One Advanced Industries Super-Sector


By Donald Applegarth

For the last couple years, I have been reporting on changes and challenges impacting the manufacturing sector.  New technologies are changing the shape of manufacturing. From robotics to 3D printing to mobile technologies that have changed everything from supply chain management to order fulfillment, manufacturing has a very different look about it.  Information technology professionals now play a key role in the ever-changing manufacturing environment, while the workforce has become much more tech-savvy.  The result is a new kind of manufacturing industry – STEM-based and overwhelmingly broad.

An explosive new report from the Brookings Institution on "America's Advanced Industries" links 50 otherwise isolated industries – including 35 from the manufacturing sector and 15 more from energy and service – into one advanced industries super-sector in order to measure the real economic impact manufacturing and production in all its forms is having today.

"Technology is exploding," explains Mark Muro, a senior fellow and director of policy for the Metropolitan Policy Program at Brookings. "Manufacturing is turning out to be a very different, much more dynamic and high technology pursuit that is at the center of all sorts of things that are going on today."


This recasting of the sector paints an interesting picture of manufacturing in the 21st century – a truly high-tech endeavor that pulls far more weight in the economy than anyone even suspected.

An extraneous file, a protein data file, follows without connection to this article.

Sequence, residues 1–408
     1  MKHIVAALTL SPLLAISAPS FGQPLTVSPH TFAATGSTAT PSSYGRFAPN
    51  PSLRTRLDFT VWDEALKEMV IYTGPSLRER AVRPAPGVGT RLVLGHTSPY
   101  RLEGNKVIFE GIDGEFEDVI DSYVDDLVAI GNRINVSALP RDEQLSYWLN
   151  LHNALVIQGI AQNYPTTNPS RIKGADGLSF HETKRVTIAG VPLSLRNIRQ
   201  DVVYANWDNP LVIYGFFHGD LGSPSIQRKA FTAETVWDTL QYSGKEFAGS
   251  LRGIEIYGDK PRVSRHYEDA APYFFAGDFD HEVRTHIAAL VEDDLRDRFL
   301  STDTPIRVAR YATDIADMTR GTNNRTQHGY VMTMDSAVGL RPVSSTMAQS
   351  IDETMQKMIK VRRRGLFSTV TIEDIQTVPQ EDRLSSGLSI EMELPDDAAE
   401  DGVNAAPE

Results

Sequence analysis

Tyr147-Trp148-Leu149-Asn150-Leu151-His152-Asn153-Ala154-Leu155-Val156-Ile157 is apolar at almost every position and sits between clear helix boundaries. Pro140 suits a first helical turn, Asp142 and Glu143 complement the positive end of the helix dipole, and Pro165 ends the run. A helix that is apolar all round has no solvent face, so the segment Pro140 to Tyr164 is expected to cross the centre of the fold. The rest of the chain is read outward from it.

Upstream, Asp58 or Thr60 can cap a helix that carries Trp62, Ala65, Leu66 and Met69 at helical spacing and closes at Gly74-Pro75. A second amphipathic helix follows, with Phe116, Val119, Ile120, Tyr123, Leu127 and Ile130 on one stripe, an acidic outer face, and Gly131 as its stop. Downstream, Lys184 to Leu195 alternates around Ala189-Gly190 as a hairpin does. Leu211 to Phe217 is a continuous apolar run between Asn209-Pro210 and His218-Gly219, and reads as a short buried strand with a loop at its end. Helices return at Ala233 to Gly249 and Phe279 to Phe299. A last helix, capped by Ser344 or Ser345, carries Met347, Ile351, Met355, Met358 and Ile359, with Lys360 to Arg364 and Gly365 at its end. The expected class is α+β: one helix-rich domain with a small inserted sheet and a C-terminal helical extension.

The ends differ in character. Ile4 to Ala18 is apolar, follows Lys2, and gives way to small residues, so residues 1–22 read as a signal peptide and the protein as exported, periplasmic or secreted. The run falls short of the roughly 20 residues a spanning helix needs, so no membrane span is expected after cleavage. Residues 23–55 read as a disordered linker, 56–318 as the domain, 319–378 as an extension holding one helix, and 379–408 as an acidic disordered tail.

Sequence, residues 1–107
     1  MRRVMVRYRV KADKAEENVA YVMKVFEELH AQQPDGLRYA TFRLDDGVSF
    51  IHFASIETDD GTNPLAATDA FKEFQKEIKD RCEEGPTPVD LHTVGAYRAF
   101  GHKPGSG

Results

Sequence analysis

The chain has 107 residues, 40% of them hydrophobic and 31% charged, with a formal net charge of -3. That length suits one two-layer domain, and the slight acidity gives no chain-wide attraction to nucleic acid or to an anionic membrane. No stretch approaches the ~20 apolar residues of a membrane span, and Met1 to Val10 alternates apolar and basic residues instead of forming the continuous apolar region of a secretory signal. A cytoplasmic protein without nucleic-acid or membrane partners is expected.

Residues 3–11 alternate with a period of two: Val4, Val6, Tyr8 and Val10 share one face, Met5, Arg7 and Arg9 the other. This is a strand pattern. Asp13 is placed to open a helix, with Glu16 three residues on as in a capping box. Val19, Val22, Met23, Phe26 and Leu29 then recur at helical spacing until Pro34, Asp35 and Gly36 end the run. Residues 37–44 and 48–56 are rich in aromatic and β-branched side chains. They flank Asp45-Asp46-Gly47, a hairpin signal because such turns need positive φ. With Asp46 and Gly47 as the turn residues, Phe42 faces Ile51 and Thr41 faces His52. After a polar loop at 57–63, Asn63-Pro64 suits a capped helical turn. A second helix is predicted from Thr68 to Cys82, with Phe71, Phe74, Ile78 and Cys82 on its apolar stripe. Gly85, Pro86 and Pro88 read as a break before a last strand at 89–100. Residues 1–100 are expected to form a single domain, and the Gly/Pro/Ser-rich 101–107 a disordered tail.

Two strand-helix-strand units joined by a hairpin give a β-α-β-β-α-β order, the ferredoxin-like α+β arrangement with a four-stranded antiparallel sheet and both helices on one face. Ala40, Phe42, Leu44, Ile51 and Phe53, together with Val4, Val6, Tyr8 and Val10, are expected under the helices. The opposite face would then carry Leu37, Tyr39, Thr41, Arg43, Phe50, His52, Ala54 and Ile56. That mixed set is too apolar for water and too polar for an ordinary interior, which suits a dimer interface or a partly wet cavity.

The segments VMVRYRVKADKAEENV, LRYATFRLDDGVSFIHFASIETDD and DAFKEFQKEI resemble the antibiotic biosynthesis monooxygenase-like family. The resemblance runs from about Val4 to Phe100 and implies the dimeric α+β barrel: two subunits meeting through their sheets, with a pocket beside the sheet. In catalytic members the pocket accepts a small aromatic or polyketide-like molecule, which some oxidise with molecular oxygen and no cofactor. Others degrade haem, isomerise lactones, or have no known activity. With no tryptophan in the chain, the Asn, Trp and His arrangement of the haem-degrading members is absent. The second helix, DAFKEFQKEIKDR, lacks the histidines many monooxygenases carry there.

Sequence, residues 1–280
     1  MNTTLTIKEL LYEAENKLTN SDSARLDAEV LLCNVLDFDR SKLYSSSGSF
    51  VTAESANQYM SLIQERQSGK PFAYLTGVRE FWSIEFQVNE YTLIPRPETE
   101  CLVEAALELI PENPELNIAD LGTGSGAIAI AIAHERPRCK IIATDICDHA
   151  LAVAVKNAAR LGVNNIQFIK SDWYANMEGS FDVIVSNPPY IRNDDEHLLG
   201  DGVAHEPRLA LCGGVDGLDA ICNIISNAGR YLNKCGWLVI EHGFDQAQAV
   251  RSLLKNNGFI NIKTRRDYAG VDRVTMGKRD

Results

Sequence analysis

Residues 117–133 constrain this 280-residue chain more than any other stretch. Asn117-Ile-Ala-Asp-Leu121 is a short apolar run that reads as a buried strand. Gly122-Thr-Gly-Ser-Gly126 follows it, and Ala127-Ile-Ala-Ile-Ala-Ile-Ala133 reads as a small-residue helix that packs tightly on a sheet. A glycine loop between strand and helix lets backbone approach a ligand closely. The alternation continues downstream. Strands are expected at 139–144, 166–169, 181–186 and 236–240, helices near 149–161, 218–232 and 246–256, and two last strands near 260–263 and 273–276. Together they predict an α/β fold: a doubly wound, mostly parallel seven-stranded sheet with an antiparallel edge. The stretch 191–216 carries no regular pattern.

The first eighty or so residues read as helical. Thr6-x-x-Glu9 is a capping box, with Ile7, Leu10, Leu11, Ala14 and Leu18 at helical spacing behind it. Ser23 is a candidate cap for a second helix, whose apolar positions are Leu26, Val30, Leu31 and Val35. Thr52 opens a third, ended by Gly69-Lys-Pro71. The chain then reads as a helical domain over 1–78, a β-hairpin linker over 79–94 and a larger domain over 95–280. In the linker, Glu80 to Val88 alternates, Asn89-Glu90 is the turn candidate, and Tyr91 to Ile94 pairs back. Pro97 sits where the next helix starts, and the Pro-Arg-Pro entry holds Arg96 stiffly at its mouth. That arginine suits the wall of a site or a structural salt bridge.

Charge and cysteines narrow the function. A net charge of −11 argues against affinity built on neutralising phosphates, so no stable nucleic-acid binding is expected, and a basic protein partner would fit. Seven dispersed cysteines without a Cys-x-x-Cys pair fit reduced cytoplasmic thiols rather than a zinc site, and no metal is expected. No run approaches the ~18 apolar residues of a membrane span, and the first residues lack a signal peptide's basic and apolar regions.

According to the report, every new job falling into that advanced industries sector creates 2.2 jobs domestically. That means that of the 12.3 million workers currently employed in the super-sector, " another 27.1 million U.S. workers owe their jobs to economic activity supported by advanced industries through their supply chains and their employees consumption."

"When you include both direct and indirect employment through this multiplier effect, you arrive at nearly 1/5 of the nation's economic activity attributed to this relatively modest-sized set of 50 industries," Muro notes. "Its importance is beyond arguing."

For all of the upside to the changing nature and perception manufacturing, it also underscores a critical need for a workforce with advanced STEM (science, technology, engineering and mathematics) skills and high-tech experience to drive it.  While workers are well compensated in the advanced industry, the skills gap remains a huge challenge.

The Brookings report calculates that 60% of the jobs posted for the advanced industry are for STEM workers, compared to 34% outside the sector. Those job postings, it states, remain unfilled longer, indicating a major supply problem in the workforce.

The report also details a number of recommendations for the private and public sectors to address the supply problem.

For more information about America's Advanced Industries, the Brookings' full report can be found at www.brookings.edu.

Contact us with questions regarding the ever-changing manufacturing sector.

Material discussed is meant for informational purposes only, and it is not to be construed as investment, tax, or legal advice. Please note that individual situations can vary. Therefore, this information should be relied upon when coordinated with individual professional advice.

© 2018 Schneider Downs. All rights-reserved. All content on this site is property of Schneider Downs unless otherwise noted and should not be used without written permission.